Paul Asmuth swam the 22.5 miles around Absecon Island 12 times during a legendary career that included a record eight victories.
From his first trip in 1980 to his last in 1992 — there was no Around the Island Swim in 1986 — he could always count on seeing a pair of fans cheering him on from the same, remote section of the course in the back bays.
“Mile after mile nothing but marsh grass, mud, heat and funky odors,” Asmuth wrote of his inaugural Around the Island Swim in his terrific new book, “Marathon Swimming The Sport of the Soul.”
“Then out of nowhere, two fans with a big sign cheering me on. Where did they come from? There were no homes nearby.”
At Every Around the Island race thereafter, they always were there, providing support and encouragement. They usually held a handmade sign that read “Go Paul Asmuth,” which they also used to swat away the seagull-sized greenheads that like to snack on exposed skin in the summer.
The mere presence of those two fans helped him during some particularly grueling trips.
The 1990 race was extremely difficult due to the currents. I was among the media members and spectators who stood on the Longport jetty while Asmuth, Rob Schmidt and others crawled through the inlet in knee-high water, their fingers digging in the sand. When the swimmers reached the back bay, the two fans were there again.
After that race, which took nearly 10 hours, Asmuth posed for a photo with the two fans outside the Flying Cloud Cafe. It appears on page 171 of the book with the caption: “Their encouraging cheers and signs helped me more than they will ever know. Bless you!”
Now they know.
It was Atlantic City native Ron Jordan and his wife, Yvonne.
Anyone who knows Ron shouldn’t be surprised. From the time he was a young boy, Ron has been a huge sports fan. He remembers being at the old Inlet Baseball Field in 1946 when Austin Johnson won the unofficial Atlantic City heavyweight boxing championship with a sixth-round knockout over Bobby Jones. He was in the stands when Hall of Fame baseball player Monte Irvin hit a grand slam during an exhibition game against the Inlet Athletic and Social Club team.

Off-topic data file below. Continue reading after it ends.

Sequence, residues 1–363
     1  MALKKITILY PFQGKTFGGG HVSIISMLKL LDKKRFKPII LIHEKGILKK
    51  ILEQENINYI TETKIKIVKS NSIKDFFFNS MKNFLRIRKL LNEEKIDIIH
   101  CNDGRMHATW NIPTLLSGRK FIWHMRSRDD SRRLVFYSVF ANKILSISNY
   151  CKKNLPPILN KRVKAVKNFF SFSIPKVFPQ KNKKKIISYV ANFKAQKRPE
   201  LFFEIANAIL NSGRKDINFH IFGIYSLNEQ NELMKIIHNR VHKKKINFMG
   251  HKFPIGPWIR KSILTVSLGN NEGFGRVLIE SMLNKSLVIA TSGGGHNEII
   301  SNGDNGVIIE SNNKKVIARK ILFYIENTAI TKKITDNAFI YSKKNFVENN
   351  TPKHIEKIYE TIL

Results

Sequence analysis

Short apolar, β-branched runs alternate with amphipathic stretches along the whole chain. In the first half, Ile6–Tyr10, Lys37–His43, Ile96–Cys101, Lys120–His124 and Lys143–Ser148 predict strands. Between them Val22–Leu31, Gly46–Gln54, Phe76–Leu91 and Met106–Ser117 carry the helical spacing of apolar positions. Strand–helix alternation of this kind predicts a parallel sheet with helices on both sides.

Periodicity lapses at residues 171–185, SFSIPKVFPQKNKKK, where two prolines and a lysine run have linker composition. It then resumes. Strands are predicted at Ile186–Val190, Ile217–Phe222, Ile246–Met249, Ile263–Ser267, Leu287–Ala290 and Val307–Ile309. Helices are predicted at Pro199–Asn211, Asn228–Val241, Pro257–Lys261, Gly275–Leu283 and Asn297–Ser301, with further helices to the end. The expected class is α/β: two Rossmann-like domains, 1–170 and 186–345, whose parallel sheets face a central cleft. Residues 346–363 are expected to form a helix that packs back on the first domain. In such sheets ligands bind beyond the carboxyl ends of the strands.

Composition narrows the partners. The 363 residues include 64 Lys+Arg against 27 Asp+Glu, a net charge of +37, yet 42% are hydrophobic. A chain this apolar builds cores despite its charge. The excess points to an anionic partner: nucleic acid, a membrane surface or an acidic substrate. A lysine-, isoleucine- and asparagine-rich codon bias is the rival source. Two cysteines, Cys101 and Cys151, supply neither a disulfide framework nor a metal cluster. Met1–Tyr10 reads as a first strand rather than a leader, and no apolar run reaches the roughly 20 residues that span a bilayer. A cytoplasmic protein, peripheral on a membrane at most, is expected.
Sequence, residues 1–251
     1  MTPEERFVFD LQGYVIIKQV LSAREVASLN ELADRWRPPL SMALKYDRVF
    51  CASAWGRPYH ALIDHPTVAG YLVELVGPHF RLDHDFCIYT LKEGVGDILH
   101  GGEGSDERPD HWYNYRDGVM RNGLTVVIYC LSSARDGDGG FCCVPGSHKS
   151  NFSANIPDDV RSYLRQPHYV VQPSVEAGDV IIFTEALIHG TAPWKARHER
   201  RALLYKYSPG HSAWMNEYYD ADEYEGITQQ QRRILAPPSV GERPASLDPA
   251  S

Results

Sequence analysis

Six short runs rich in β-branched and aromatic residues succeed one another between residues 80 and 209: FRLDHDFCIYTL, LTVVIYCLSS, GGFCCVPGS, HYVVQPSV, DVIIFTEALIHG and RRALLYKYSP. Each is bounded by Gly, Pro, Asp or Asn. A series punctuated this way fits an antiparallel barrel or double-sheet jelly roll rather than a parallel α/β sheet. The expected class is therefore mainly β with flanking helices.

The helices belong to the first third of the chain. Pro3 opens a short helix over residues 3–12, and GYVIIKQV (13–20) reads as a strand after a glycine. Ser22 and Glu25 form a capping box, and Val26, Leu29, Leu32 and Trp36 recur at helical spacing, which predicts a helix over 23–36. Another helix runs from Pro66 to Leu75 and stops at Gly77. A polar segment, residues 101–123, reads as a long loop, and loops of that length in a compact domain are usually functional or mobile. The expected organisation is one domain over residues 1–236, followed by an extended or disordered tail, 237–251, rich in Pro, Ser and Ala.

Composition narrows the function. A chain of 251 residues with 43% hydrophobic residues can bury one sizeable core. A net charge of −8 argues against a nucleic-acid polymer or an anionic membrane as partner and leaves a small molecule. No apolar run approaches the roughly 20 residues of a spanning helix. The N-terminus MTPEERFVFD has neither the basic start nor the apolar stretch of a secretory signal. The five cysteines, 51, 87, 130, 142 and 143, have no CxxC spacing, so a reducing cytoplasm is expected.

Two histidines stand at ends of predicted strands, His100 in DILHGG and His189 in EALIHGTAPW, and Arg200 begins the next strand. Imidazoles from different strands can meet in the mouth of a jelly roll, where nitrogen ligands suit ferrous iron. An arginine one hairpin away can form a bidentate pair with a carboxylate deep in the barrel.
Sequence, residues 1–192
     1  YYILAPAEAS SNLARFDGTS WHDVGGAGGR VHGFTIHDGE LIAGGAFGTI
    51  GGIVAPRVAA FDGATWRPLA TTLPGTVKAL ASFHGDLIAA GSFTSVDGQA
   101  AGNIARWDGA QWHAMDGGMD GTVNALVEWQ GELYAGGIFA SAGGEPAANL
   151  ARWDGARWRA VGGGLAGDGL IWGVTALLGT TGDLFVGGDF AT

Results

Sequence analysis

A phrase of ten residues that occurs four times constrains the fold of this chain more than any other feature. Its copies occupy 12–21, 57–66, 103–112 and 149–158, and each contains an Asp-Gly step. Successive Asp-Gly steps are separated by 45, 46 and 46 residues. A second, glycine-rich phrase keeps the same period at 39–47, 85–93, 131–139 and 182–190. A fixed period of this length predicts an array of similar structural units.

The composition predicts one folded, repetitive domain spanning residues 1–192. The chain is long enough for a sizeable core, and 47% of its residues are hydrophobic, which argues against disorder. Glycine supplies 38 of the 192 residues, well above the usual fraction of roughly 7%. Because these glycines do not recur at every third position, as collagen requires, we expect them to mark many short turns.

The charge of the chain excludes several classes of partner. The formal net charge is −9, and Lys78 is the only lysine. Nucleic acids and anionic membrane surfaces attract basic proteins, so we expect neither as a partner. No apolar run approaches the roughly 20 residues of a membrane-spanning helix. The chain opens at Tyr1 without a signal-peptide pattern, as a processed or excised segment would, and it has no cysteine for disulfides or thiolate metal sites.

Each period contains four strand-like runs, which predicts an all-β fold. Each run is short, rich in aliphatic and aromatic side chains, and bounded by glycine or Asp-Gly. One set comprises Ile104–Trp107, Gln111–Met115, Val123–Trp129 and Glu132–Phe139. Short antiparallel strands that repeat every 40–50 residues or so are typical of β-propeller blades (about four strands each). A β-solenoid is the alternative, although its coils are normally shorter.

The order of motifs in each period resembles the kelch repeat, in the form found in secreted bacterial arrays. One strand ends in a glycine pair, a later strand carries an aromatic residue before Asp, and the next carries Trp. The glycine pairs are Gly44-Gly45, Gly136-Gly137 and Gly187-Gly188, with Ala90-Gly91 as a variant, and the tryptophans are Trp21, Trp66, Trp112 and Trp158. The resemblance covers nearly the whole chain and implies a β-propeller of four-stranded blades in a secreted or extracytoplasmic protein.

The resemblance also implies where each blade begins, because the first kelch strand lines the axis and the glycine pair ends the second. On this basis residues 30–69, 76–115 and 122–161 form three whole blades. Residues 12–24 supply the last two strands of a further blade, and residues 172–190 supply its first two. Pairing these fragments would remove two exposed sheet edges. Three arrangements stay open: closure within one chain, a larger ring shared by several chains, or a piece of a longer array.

Jordan, 84, just finished his 52nd season as a Philadelphia Eagles season-ticket holder and hasn’t missed a game since 1971.
So it’s little wonder he was intrigued enough to watch the Around the Island Swim.
“Yvonne just said out of the blue one day, ‘Why don’t we go watch the Around the Island Swim?’” Ron said with a laugh. “We live in the lagoon section of Venice Park, so we only had to walk down to the end of the street. We saw Paul win that first race in 1980 and always showed up to cheer for him. Neither one of us know how to swim, but it used to be one of our favorite events.”
When I joined The Press’ sports staff in 1986, one of my annual assignments was to cover the race, which at the time was extremely popular among locals. Fans would line the beaches to watch the ocean leg, while those who lived on the back bays would hold dock parties while cheering on the legends of marathon swimming such as Asmuth, who grew up in Florida and lives in California; Argentina’s Claudio Plit, Dutch standout Monique Wildschut and Australian Shelly Taylor-Smith, who in 1991 became the first woman to win the race.
The race hasn’t been held since 2006, but two organizations are attempting to revive it. Green Whales Inc. announced this month it plans to hold the race July 14. It will be held in honor of the late Jim Whelan, the former Atlantic City lifeguard, teacher and politican who made a solo trek around the island in 1978.
Whelan, who died in 2017, also was a coach for Egg Harbor Township’s Samantha Chabotar Elko when she was the top women’s finisher in 1996. Elko has announced plans for a solo crossing on Aug. 18 in hopes of making it a full-field event for USA Swimming in 2020.
No matter when it’s held or who sponsors it, you can expect Ron and Yvonne Jordan to be there.
David Weinberg’s Extra Points column appears Wednesdays and Sundays in The Press.